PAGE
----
SHANGHAI -- Shanghai Automotive Industry Corp. wants to break out of its roots in China and become a global automaker.
But so far, its ambition has exceeded its abilities.
Take Wang Xiaoqiu, 42, the executive leading the effort to develop
SAIC's own brand. He spent 14 years working on quality control at Volkswagen AG's joint venture with SAIC. He knows international standards.
But Wang also never has lived outside China, so his knowledge of other car cultures is limited. And even if he is a fast learner, Wang is still only one man.
"SAIC's culture has been a sort of holding company, letting the joint ventures do all the dirty work of making cars," says Ashvin Chotai, director of Asian automotive industry research for Global Insight in London. "Does SAIC have the technical and managerial resources to make it all happen?"
SAIC aims to sell more than 3 million cars worldwide by 2020. In 2005, it sold close to 1 million through its joint ventures, nearly all in China. By 2010, it plans to assemble 200,000 of its own brand cars and export 50,000. It will continue to partner with Volkswagen and General Motors as well.
Management depth is a problem for SAIC. The parent company is a state-owned enterprise that started as a tractor manufacturer. It assembled its own Shanghai brand car for several decades starting in the 1950s.
But SAIC's only experience with today's market - where cars are filled with complex electronics and buyers demand top-quality interiors - is through its joint ventures with Volkswagen and GM.
All the top management at SAIC Motors Manufacturing Co., of which Wang is a general manager, is drawn from either Shanghai Volkswagen or Shanghai GM.
And although SAIC could continue to harvest management there, that would dilute the joint ventures' management talent. That could reduce the crucial income they bring in to fund SAIC's own brand effort.
The lack of experience has resulted in some managerial missteps.
SAIC's purchase of MG Rover floundered after another Chinese company, Nanjing Automobile Corp., became the surprise winner of a bidding war for MG Rover's manufacturing equipment in 2005. SAIC was left with the intellectual property rights to two Rover models, which are the basis for SAIC's own models.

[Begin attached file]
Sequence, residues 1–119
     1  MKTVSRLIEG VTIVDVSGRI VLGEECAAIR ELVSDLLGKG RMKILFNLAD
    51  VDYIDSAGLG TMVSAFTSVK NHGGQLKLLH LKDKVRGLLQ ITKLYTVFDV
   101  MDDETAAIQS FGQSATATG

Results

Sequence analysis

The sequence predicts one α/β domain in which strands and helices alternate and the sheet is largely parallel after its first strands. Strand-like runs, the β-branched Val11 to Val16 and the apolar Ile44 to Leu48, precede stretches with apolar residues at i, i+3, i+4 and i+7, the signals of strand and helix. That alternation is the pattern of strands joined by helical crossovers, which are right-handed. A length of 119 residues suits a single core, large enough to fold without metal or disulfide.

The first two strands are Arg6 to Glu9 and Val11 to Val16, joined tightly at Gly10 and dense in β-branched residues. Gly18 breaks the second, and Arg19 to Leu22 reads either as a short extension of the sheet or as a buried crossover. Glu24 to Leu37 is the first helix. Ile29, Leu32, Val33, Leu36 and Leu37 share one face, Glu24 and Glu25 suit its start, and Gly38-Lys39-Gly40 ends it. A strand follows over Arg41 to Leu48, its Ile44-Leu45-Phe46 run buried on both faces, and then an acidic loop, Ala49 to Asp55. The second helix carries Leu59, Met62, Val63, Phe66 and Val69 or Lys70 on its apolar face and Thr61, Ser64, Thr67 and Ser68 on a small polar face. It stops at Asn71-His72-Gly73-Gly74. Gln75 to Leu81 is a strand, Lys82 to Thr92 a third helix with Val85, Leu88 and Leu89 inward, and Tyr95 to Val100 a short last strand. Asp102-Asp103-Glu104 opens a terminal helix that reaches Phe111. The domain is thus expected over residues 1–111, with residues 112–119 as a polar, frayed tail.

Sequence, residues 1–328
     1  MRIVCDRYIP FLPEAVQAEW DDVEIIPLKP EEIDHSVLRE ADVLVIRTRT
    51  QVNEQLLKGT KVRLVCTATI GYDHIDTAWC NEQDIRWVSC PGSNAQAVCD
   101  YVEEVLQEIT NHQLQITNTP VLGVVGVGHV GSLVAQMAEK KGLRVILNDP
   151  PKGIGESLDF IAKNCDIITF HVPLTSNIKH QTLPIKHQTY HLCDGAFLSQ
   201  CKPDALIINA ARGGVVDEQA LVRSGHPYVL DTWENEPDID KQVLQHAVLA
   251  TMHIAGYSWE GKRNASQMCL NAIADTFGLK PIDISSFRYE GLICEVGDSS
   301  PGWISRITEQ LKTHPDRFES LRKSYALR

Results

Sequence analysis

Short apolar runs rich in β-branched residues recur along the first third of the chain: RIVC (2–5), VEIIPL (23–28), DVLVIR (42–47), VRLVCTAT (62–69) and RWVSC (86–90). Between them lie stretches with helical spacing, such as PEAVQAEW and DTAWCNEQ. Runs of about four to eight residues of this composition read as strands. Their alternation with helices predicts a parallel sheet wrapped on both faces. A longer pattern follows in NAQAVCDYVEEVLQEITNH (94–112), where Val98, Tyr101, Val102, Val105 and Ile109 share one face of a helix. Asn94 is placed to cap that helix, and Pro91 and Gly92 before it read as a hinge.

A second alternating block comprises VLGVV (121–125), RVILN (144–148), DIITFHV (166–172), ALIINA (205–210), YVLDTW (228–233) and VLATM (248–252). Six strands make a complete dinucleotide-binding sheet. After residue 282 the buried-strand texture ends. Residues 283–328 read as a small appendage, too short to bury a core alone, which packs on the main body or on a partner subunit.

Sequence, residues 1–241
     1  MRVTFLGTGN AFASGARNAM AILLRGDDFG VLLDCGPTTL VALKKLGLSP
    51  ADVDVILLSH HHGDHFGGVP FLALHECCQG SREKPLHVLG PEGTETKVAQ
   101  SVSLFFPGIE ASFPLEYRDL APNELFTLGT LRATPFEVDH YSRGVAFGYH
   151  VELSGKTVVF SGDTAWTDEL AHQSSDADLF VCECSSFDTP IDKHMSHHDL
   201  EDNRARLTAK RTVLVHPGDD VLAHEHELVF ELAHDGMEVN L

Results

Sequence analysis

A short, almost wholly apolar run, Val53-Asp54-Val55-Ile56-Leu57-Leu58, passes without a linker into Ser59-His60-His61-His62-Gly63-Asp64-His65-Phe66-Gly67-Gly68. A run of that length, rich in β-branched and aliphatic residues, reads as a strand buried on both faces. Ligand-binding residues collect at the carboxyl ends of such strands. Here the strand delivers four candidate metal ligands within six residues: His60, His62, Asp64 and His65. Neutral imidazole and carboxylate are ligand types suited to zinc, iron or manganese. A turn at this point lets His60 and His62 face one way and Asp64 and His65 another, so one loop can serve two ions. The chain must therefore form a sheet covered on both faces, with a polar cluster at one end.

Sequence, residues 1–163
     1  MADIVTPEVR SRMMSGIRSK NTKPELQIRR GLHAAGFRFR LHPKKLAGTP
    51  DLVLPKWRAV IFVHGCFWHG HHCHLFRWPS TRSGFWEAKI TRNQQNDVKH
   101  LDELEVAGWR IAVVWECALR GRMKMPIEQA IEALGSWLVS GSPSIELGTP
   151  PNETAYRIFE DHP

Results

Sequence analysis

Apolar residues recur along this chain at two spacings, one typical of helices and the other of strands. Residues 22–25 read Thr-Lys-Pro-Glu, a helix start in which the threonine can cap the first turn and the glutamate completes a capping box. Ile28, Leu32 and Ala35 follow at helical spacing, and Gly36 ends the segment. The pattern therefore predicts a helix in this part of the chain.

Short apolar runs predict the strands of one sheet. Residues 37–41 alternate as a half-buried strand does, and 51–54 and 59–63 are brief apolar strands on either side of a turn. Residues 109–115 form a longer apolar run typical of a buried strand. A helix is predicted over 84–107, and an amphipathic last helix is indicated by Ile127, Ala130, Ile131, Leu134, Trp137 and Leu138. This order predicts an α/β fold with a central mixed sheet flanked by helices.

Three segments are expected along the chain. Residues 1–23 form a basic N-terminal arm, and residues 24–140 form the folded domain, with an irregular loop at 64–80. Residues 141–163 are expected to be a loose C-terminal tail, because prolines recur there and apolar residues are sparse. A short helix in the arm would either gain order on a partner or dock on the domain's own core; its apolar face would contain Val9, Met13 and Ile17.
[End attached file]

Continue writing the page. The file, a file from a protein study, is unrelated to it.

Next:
SAIC paid $500 million for 48.9 percent of failing Korean automaker Ssangyong Motor Co. in January 2005, then spent $120 million to buy an additional 2 percent so it could have more than 50 percent ownership, says an industry source familiar with the deal. For comparison, SAIC invested $350 million for half of thriving Shanghai General Motors in 1995.
Now, the Ssangyong purchase is languishing after the Chinese government refused to approve a joint venture to manufacture an SUV based on a Ssangyong design.
SAIC's government ownership is proving to be a burden. The Shanghai city government, SAIC's owner, is pressuring the automaker to quickly come out with its own brand, using technology it develops itself. The central government is pressuring SAIC to develop alternative-fuel vehicles. The company must try to meet both demands with its limited management.
So, besides aiming to sell 200,000 of its own brand car by 2010, SAIC also plans to produce 10,000 vehicles with hydrogen-fuel-cell or hybrid engines.
The government demands on SAIC are one reason why some analysts say that two smaller, more nimble Chinese automakers - Chery Automobile Co. and Geely Automobile Co. - have better chances of developing globally competitive cars.
To be sure, SAIC has its strengths. Foreign automakers and suppliers that have worked with SAIC rate its management highly. It also has two decades of joint-venture experience.
But as Global Insight's Chotai points out: "Developing your own technology takes many years. SAIC is trying to figure out how to accelerate that by using a mishmash of technologies to do this."
And out of that mishmash, SAIC must come up with a globally competitive brand.
You may e-mail Alysha Webb at [email protected]